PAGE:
Adoptive Families Magazine Roots and Wings Adoption Today
Websites & Forums
Empowered to Connect www.empoweredtoconnect.org Adoptive Dads www.adoptivedads.org Adoption Learning Partners (online education) www.adoptionlearningpartners.org TCU Institute of Child Development (Dr Purvis) www.child.tcu.edu Child Welfare Information Gateway www.childwelfare.org United States Department of State www.adoption.state.gov Abshiro Kids (Ethiopia Culture Connection) www.abshirokids.com A 4Ever Family (Attachment, Hope, Healing) www.a4everfamily.org Bethany Christian Services Forum www.bethany.org—click forums Hair and Skin Care www.groups.yahoo.com/group/adoptionhair_skincare/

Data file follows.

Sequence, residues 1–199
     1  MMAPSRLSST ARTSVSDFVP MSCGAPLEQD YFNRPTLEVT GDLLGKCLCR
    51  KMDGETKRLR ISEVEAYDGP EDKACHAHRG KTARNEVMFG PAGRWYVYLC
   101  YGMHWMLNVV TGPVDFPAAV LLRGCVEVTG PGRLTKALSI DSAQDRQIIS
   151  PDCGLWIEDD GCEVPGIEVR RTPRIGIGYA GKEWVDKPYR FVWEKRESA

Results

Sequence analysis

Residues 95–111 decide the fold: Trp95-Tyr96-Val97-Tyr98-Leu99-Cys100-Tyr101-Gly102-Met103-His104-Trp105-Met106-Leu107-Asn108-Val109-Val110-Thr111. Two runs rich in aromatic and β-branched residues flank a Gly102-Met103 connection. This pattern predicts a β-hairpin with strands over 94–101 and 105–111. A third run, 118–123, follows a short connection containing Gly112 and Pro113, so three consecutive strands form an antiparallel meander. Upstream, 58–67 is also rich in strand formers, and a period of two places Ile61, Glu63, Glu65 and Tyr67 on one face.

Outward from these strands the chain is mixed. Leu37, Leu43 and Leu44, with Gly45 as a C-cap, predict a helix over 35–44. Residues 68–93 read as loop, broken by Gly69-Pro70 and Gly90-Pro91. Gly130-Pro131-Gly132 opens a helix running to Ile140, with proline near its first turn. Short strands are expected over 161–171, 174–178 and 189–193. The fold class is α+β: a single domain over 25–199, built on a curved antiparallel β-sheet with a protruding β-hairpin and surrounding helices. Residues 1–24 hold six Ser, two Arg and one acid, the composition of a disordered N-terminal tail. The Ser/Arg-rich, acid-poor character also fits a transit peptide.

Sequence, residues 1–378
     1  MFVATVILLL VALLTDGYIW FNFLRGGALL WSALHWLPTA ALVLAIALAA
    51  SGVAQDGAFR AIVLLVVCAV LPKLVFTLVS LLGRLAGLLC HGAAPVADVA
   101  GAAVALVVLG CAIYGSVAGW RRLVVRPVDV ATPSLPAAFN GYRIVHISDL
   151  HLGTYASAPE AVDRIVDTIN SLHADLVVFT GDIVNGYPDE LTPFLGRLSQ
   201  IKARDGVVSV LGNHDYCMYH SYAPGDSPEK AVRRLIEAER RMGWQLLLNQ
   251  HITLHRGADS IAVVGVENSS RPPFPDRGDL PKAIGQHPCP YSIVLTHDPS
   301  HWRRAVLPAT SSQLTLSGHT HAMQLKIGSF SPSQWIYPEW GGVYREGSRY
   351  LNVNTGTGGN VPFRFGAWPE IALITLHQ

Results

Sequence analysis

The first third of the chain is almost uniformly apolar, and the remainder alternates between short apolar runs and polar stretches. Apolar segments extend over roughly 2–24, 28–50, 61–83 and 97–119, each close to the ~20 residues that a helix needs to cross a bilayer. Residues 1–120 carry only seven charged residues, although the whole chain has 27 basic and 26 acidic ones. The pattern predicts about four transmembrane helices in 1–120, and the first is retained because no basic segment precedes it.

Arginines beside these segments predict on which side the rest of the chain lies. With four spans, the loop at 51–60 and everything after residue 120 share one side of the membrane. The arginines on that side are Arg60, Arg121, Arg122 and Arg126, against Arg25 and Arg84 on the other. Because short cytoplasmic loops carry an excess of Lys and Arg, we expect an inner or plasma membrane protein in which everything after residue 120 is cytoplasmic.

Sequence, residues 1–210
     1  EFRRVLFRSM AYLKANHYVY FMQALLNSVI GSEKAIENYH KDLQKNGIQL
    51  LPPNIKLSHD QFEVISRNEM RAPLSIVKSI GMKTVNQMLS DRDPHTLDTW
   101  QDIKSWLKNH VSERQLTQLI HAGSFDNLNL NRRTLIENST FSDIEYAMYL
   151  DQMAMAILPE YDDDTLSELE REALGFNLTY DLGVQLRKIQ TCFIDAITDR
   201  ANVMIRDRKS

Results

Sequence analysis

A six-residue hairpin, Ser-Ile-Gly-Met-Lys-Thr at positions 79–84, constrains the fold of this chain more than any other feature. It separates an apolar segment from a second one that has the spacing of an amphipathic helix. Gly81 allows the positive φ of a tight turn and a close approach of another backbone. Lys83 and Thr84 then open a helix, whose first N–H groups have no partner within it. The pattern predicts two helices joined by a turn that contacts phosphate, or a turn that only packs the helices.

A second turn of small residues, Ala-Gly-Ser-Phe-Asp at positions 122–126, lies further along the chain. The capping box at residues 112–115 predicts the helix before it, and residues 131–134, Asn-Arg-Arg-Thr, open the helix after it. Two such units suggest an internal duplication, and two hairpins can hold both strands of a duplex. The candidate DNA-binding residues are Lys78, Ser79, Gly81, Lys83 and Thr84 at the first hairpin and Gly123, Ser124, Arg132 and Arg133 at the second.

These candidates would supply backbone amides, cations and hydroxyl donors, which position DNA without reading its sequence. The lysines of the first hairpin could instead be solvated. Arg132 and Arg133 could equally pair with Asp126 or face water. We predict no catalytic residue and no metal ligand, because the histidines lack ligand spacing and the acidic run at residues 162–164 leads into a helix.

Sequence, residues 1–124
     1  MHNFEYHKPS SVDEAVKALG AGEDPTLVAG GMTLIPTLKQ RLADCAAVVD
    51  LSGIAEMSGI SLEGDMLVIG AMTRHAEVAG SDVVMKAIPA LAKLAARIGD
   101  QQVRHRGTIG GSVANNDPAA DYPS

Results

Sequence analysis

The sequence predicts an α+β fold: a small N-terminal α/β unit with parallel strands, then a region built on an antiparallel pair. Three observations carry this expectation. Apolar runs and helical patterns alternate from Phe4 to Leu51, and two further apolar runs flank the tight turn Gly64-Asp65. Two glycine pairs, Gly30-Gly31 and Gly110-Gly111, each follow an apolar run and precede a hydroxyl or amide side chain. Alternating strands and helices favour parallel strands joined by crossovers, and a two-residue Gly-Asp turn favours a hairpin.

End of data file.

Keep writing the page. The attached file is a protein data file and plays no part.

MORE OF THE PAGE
A father to the fatherless, a defender of widows is God in his holy dwelling. Psalm 68:5
The Heart of God Adoption & Orphan Ministry
www.Passion127.org 850.419.2563 firstname.lastname@example.org